9. No worries! I really feel for you. I also have a healthy appetite, when well, and the times I've lost it have felt pretty scary. When you're anxious and go into the fight-or-flight response, the body temporarily shuts down some processes, like digestion, to boost the ones that can help you escape. We don't usually notice this because it's meant to be brief, until you're free of danger. Unfortunately with anxiety disorders and depression, you can't just fight or flee the threat, so the state lingers. Hope the Sertraline gives you your appetite back soon. I tried sipping a lot of lukewarm herbal teas when I was last that bad to try and feel full. Chamomile with honey actually helps my nerves a bit! Ginger's good for nausea, and mint is soothing for the stomach.
  10. Do you get migraines, Sufferer? As I think I mentioned in another thread, maybe consider the possibility you're mis-attributing symptoms of anxiety/sleep deprivation to side-effects. Or a mixture of side-effects and symptoms you're paying attention to now there's a new variable with the medication. The stiff shoulder muscles could be due to anxiety-tension? I don't notice I clench up when I'm stressed until my shoulders start aching! If you can take a warm bath, or use a wheat pack/hot water bottle on them, you might get some relief. It's easy to say, but try not to engage with rumination about how long you might take meds for. It's individual to everyone.
  11. I get that. I only take Diazepam if I'm so anxious my chest hurts and I'm close to inconsolable. It's a last resort -- and I certainly wouldn't want to take it regularly since it can stop being so effective, but it's good to know it's there if I can't reduce intense anxiety by other means. I think I said in your other thread on appetite, it only took a couple of weeks after starting Sertraline again to be able to eat normally. Getting that sustenance inside me made the world of difference in being able to cope day-to-day.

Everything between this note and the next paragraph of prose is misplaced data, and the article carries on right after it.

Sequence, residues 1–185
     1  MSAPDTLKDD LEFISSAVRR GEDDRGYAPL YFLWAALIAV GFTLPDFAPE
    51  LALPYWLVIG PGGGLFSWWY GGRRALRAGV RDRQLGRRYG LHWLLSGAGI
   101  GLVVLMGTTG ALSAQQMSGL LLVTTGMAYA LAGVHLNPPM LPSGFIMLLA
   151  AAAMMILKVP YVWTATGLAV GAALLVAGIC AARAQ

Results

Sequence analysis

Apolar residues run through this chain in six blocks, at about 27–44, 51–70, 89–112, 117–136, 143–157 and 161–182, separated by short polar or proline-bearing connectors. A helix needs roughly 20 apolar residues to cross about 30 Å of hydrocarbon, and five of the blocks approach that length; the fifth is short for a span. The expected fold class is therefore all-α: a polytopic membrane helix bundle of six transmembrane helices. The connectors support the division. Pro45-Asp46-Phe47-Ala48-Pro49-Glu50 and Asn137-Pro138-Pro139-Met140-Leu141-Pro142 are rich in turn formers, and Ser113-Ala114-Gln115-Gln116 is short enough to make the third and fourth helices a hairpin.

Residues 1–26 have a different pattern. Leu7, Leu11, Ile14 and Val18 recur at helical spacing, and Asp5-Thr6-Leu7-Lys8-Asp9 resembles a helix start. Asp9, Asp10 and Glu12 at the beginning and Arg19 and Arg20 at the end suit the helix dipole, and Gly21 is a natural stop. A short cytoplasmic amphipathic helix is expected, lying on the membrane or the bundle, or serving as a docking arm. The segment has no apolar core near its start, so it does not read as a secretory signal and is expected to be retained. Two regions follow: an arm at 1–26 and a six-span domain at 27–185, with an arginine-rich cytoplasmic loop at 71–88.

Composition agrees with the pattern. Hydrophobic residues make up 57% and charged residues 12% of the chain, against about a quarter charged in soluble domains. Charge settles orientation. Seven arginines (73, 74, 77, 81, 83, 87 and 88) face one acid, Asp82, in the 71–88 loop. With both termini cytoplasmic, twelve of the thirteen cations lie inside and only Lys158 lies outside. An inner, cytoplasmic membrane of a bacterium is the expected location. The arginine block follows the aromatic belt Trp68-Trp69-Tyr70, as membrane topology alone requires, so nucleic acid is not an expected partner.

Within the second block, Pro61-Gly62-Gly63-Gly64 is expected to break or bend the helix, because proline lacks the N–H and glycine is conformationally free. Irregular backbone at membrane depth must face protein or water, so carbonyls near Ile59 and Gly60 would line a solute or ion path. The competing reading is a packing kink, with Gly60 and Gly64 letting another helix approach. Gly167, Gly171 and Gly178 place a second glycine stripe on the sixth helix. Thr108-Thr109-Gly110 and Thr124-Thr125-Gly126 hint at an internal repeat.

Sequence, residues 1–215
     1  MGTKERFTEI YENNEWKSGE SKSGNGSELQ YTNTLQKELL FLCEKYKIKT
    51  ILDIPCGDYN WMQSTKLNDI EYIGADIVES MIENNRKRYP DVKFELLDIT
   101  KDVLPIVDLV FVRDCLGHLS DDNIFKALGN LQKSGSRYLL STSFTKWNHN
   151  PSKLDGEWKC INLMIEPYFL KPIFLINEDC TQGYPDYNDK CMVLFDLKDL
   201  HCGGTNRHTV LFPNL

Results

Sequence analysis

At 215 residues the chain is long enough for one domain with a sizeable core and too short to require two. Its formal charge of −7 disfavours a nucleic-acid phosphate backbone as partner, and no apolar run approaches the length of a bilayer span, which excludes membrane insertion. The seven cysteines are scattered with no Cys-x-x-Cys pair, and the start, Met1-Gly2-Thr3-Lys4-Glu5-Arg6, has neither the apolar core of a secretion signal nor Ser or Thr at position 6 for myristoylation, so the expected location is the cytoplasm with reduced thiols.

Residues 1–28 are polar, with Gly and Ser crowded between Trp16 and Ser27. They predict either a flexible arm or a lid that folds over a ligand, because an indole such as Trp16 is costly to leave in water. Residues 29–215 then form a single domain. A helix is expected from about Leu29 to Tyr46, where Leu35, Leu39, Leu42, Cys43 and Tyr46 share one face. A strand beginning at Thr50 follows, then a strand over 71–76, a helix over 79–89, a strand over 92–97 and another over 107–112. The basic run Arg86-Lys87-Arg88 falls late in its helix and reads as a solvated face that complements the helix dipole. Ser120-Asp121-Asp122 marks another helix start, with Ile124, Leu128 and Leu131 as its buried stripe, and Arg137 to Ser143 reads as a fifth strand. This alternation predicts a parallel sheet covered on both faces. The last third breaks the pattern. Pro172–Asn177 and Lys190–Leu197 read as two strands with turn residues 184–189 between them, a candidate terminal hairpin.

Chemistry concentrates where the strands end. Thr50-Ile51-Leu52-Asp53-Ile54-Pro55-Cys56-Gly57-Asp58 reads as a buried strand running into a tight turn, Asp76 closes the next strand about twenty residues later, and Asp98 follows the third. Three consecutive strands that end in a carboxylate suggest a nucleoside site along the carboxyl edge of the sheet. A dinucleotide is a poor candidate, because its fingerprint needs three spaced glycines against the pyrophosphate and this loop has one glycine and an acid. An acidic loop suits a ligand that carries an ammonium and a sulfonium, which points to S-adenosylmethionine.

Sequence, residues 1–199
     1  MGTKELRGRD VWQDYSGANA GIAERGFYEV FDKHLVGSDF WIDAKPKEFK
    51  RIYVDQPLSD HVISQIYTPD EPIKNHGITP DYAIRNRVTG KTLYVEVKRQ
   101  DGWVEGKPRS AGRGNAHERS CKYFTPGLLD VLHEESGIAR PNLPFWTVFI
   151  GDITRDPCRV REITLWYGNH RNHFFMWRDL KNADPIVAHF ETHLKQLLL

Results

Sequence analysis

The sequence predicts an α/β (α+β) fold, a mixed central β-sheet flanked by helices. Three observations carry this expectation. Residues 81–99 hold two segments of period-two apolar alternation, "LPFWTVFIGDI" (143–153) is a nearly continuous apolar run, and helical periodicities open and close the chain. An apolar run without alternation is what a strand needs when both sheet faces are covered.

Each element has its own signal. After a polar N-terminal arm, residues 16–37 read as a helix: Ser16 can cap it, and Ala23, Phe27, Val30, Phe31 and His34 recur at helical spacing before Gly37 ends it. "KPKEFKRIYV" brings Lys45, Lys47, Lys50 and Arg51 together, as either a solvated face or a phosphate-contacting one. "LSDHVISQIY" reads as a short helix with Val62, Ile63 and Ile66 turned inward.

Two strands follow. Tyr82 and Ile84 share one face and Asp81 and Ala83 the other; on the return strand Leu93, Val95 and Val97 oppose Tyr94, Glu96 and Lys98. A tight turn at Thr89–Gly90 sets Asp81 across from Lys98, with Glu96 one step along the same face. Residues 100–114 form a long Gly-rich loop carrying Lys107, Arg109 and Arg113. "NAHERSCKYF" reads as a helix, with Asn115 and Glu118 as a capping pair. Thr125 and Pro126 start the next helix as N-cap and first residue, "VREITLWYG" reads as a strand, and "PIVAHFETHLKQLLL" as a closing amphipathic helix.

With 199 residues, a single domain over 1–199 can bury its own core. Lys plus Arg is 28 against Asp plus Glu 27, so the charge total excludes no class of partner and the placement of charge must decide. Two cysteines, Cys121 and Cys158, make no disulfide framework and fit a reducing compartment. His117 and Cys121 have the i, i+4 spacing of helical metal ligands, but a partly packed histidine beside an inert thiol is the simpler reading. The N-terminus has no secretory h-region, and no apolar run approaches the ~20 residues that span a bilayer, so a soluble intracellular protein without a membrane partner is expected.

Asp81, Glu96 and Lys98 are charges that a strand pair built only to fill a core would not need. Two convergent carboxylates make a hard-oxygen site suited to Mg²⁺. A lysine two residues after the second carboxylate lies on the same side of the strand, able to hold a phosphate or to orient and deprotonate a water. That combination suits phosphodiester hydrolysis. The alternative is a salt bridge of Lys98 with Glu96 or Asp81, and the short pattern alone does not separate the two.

12. I didn't phrase that particularly well -- I'm aware of the increased risk of suicidal thoughts in the early stages of taking SSRIs. It's why, as you observe, they should be used with care and monitoring by Doctors.
  13. Sleep deprivation can do that too! And cause headaches. I know it's another medication, but you could consider asking your doctor to prescribe a short amount of diazepam/another benzodiazepine. Taking them long term can cause dependency, but a small prescription to take when you're intensely anxious can provide a bit of respite. It might help you relax a little and ease your muscles.
  14. Ah, you poor thing. That really is familiar. I tend to realise I'm properly sick again once my appetite bites the dust and my stomach becomes upset. It's a clear signal to seek support. It's usually a mix of acute anxiety with depression tagging along that does that. Feeling physically rough also makes it harder to cope with the mental stuff. I had to really fight to get food in me in the morning, and could only manage things like smoothies, soup, yoghurt, mango, bananas. Anything cold and gentle. Fortunately, after roughly a fortnight back on Sertraline my appetite returned and my stomach settled. I hope the same happens for you.